AHA/ACC Issue Updated PAD Guidelines

Patients with peripheral artery disease should participate in structured exercise programs to improve their functional status and quality of life, as well as to reduce leg symptoms, say new recommendations out yesterday from the American Heart Association and American College of Cardiology.

The guidelines replace an earlier 2011 document and are published in both Circulation and the Journal of the American College of Cardiology.

Heather Gornik, MD (Cleveland Clinic, Cleveland, OH), vice chair of the writing committee, said a new guideline was overdue given a number of new advances and growth of the evidence base for PAD.

“It has been designed to be a very user-friendly document easily incorporated into clinical practice rather than a ‘textbook’ on PAD,” Gornik told TCTMD in an email. “The [information] regarding a diagnostic approach to claudication and [critical limb ischemia], for example, has been put into a flow diagram for the clinician.”

Led by writing committee chair Marie D. Gerhard-Herman, MD (Harvard Medical School, Boston, MA), the guidelines recommend supervised, structured exercise in a hospital or outpatient facility for a minimum of 30 to 45 minutes per session, at least 3 times a week for a minimum of 12 weeks. Alternatively, structured community- or home-based exercise programs are recommended if they incorporate specific training regimens similar to those of a supervised program. General recommendations to simply walk more “are not efficacious” for improving quality of life and walking outcomes, Gornik said.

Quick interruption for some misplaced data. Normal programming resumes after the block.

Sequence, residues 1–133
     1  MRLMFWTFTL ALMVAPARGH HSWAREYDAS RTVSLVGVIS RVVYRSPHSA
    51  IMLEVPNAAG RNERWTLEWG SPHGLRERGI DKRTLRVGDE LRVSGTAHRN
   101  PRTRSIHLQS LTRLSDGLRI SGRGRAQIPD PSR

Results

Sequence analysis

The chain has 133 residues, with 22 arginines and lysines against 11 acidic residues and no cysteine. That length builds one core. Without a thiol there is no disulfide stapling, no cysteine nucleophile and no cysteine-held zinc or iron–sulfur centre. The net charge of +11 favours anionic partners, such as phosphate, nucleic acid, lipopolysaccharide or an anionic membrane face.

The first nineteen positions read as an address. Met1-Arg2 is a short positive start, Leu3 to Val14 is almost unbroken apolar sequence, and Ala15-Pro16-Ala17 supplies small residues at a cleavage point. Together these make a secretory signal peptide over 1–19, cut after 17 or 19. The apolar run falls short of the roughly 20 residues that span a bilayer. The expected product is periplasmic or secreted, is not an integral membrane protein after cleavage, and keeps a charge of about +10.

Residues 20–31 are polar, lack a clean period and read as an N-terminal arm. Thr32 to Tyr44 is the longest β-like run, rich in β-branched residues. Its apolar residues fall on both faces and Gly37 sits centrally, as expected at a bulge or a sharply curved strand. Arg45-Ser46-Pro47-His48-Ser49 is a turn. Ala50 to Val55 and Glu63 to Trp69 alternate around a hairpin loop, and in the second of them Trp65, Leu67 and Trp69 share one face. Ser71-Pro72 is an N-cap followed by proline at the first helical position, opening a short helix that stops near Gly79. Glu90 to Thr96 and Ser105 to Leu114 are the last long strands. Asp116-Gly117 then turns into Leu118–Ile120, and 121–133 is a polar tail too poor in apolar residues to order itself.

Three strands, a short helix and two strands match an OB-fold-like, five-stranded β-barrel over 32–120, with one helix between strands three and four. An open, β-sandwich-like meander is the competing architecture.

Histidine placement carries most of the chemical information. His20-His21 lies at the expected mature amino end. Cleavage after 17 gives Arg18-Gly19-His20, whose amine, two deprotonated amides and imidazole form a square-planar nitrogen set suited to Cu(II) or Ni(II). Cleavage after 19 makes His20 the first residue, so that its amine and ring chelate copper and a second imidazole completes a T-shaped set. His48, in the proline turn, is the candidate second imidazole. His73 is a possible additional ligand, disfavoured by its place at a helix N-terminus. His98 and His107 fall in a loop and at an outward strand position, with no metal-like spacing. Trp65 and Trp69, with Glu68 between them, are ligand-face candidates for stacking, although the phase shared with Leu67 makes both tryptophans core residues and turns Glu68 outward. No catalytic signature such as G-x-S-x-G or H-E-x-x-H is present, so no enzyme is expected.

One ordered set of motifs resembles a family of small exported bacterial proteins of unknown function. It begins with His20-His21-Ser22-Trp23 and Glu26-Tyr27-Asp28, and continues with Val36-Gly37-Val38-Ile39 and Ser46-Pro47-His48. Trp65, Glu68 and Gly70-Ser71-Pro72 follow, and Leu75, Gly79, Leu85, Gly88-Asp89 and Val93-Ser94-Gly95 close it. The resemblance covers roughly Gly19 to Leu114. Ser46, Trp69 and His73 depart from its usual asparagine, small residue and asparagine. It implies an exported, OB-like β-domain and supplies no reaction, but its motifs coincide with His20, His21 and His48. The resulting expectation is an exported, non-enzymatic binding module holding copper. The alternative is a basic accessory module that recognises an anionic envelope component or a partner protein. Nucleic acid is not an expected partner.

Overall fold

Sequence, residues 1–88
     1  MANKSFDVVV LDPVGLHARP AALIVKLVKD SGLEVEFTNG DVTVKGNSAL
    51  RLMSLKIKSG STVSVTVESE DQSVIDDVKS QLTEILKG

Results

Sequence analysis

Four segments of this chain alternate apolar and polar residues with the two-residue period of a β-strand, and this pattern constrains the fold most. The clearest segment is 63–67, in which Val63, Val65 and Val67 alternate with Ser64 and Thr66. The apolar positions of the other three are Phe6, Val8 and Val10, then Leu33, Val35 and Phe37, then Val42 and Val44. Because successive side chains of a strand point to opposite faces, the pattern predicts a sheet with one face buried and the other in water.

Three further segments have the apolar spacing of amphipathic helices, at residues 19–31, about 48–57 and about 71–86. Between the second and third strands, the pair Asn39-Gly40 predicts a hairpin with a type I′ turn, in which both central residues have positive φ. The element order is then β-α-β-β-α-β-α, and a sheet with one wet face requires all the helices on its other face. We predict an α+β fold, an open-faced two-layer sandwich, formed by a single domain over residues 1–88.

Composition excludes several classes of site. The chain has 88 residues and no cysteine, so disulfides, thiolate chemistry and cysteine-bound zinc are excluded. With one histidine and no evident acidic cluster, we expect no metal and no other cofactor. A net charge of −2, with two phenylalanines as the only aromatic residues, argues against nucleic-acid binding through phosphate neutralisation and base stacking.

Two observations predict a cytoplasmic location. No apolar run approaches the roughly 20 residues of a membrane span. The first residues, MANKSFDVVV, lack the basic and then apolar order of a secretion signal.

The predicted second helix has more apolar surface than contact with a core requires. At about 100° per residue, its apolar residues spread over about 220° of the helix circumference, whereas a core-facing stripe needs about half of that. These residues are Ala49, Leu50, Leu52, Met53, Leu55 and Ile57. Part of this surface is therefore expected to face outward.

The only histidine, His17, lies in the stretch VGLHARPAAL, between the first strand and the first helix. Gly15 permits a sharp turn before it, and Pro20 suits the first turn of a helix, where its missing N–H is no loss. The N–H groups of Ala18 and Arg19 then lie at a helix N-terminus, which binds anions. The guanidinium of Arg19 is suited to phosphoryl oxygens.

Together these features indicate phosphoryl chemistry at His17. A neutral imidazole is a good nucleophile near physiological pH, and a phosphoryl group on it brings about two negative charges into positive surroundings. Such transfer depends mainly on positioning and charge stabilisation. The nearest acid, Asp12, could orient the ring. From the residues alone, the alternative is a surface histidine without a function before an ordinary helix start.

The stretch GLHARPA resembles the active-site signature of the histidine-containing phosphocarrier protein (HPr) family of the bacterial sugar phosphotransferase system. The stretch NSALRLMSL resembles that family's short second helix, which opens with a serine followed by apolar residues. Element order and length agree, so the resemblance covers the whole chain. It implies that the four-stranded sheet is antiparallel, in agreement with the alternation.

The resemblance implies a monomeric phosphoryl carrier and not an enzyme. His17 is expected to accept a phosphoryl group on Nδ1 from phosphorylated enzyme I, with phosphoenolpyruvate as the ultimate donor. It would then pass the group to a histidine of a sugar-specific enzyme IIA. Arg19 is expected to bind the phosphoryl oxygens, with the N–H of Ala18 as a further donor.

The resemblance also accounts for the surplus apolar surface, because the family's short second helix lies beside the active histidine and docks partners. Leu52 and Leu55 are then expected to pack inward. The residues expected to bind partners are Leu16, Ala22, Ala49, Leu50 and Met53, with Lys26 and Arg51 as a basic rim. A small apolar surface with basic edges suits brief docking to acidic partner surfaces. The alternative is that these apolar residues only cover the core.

“There are emerging data and protocols for structured ‘semisupervised’ exercise programs for PAD that are home-based or community-based but involve oversight of healthcare providers and motivational tools such as step counters,” she commented. “These types of programs have demonstrated efficacy for PAD patients in small studies, though supervised exercise remains the gold standard.”

As part of their advocacy priorities, the committee also says they support “the vital importance of insuring access to supervised exercise programs for patients with PAD.”

Another new element of the guidelines is strongly worded advice for PAD patients to avoid secondhand smoke. While the previous version of the guidelines stressed smoking cessation and helping patients develop a plan for quitting, the 2016 version states: “Patients with PAD should avoid exposure to environmental tobacco smoke at work, at home, and in public places.”

Also new is a recommendation that PAD patients receive an annual flu shot to avoid CV complications of the flu.

In terms of continued gaps in knowledge about PAD, the writing committee says more research is needed to isolate risk factors that contribute to progression from asymptomatic to symptomatic disease. They also say randomized controlled trials are needed to determine the value of using the ankle-brachial index to identify asymptomatic patients who may benefit from medical therapy to reduce their cardiovascular risk. Diet also is mentioned with regard to future research, with an eye toward trying to improve outcomes and modify the natural history of PAD.

Two drug-coated balloons have been approved for PAD since the prior guidelines were released, but Gornik said the committee “did not dive into the very technical aspects of intervention (which balloon, which stent, etc). That technical specificity was beyond the scope of this document and may be better suited to appropriate use documents, which outline very specific clinical scenarios where one sort of device is more appropriate than others.”

  • Gerhard-Herman MD, Gornik HL, Barrett C, et al. 2016 AHA/ACC guideline on the management of patients with lower extremity peripheral artery disease: a report of the American College of Cardiology/American Heart Association Task Force on Clinical Practice Guidelines. J Am Coll Cardiol. 2016;Epub ahead of print.

  • Gerhard-Herman and Gornik report no relevant conflicts of interest.